Mentions: An EPEC strain deleted for its chromosomal cifEc gene (E22Δcif) has previously been described [3]. To test whether the Cif-like proteins are functional homologs of CifEc, the E22Δcif strain was complemented with a plasmid encoding each of the cifEc-like genes, and these bacteria were used to infect cultured HeLa cells. Since the whole amino acid sequence of the putative protein derived from the marine metagenome is not available, this truncated protein was not included in these assays. Before phenotypic characterization of cells infected with EPEC producing the Cif homologs, the translocation efficiency of the proteins by the EPEC T3SS was monitored using the TEM/CCF2 assay [9]. As expected, the CifEc-TEM fusion protein was properly translocated, as demonstrated by detection of intracellular β-lactamase activity (Fig. 4A). TEM activity was also detected in cells infected with E22Δcif producing CifBp-TEM, but levels of β-lactamase activity for CifPl-TEM, CifPa-TEM and CifYp-TEM were similar to the basal level detected with the negative control (TEM alone, Fig. 4A). Since TEM fusion proteins were produced to similar levels in the bacteria (Fig. 4A), absence of intracellular TEM activity likely results from inefficient recognition and/or injection of CifPl-TEM, CifPa-TEM and CifYp-TEM by the T3SS of EPEC. The lower translocation level of CifBp-TEM compared to CifEc-TEM probably also reflects a poor recognition of the secretion/translocation signal (STS) of CifBp by the T3SS from EPEC. Indeed, when this fusion protein was expressed in an escN mutant (T3SS ATPase defective mutant), β-lactamase activity was no longer detected in infected cells, confirming that translocation of CifBp-TEM by E22 strain is T3SS-dependent (data not shown).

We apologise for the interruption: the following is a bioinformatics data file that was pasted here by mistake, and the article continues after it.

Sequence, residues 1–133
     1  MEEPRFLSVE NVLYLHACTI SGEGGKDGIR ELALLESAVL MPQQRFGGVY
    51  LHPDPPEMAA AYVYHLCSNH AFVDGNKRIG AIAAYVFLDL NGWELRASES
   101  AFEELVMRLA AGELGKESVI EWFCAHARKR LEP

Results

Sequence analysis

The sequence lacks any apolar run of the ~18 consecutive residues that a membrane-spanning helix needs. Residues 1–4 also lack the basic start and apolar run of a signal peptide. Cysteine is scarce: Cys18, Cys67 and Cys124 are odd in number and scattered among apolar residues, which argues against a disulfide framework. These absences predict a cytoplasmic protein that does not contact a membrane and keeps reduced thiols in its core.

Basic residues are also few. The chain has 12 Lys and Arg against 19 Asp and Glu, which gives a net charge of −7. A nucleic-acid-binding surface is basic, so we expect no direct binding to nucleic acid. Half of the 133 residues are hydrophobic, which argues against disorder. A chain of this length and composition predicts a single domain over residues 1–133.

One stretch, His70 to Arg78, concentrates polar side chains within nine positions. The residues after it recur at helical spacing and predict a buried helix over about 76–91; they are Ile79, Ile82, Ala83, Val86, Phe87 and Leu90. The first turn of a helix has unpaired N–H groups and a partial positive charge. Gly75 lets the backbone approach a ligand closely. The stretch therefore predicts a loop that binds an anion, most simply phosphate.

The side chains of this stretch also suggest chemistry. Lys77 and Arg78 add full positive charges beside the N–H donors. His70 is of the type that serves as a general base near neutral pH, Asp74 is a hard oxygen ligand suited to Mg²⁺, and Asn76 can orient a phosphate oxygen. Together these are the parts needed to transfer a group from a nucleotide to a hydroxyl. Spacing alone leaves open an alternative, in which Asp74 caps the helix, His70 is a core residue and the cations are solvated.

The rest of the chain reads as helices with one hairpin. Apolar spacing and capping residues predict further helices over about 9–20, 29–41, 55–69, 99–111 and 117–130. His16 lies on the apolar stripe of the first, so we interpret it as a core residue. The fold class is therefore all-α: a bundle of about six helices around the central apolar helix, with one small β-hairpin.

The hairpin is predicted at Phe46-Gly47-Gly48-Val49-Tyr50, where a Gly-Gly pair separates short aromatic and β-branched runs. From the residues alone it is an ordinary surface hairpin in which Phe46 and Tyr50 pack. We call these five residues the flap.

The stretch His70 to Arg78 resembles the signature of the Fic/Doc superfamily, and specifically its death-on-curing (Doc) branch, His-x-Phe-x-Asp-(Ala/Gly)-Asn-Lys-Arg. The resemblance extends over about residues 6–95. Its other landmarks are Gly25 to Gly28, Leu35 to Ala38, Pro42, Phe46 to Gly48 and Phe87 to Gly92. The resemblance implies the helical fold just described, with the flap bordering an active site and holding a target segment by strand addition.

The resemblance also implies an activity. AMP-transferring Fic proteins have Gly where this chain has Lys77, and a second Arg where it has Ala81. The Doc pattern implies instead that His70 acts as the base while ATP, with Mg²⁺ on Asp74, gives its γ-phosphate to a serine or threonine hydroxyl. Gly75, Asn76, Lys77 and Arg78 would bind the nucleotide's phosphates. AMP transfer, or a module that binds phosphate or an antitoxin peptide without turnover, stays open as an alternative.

Bottom Line: The cycle inhibiting factor (Cif) produced by enteropathogenic and enterohemorrhagic Escherichia coli was the first cyclomodulin to be identified that is injected into host cells via the type III secretion machinery.The X-ray crystal structure of Cif revealed it to be a divergent member of a superfamily of enzymes including cysteine proteases and acetyltransferases that share a conserved catalytic triad.Cif homologs from the enterobacteria Yersinia pseudotuberculosis, Photorhabdus luminescens, Photorhabdus asymbiotica and the beta-proteobacterium Burkholderia pseudomallei all induce cytopathic effects identical to those observed with Cif from pathogenic E. coli.

View Article: PubMed Central - PubMed

Affiliation: INRA, UMR1225, Toulouse, France.

ABSTRACT
The cycle inhibiting factor (Cif) produced by enteropathogenic and enterohemorrhagic Escherichia coli was the first cyclomodulin to be identified that is injected into host cells via the type III secretion machinery. Cif provokes cytopathic effects characterized by G(1) and G(2) cell cycle arrests, accumulation of the cyclin-dependent kinase inhibitors (CKIs) p21(waf1/cip1) and p27(kip1) and formation of actin stress fibres. The X-ray crystal structure of Cif revealed it to be a divergent member of a superfamily of enzymes including cysteine proteases and acetyltransferases that share a conserved catalytic triad. Here we report the discovery and characterization of four Cif homologs encoded by different pathogenic or symbiotic bacteria isolated from vertebrates or invertebrates. Cif homologs from the enterobacteria Yersinia pseudotuberculosis, Photorhabdus luminescens, Photorhabdus asymbiotica and the beta-proteobacterium Burkholderia pseudomallei all induce cytopathic effects identical to those observed with Cif from pathogenic E. coli. Although these Cif homologs are remarkably divergent in primary sequence, the catalytic triad is strictly conserved and was shown to be crucial for cell cycle arrest, cytoskeleton reorganization and CKIs accumulation. These results reveal that Cif proteins form a growing family of cyclomodulins in bacteria that interact with very distinct hosts including insects, nematodes and humans.

Show MeSH
Related in: MedlinePlus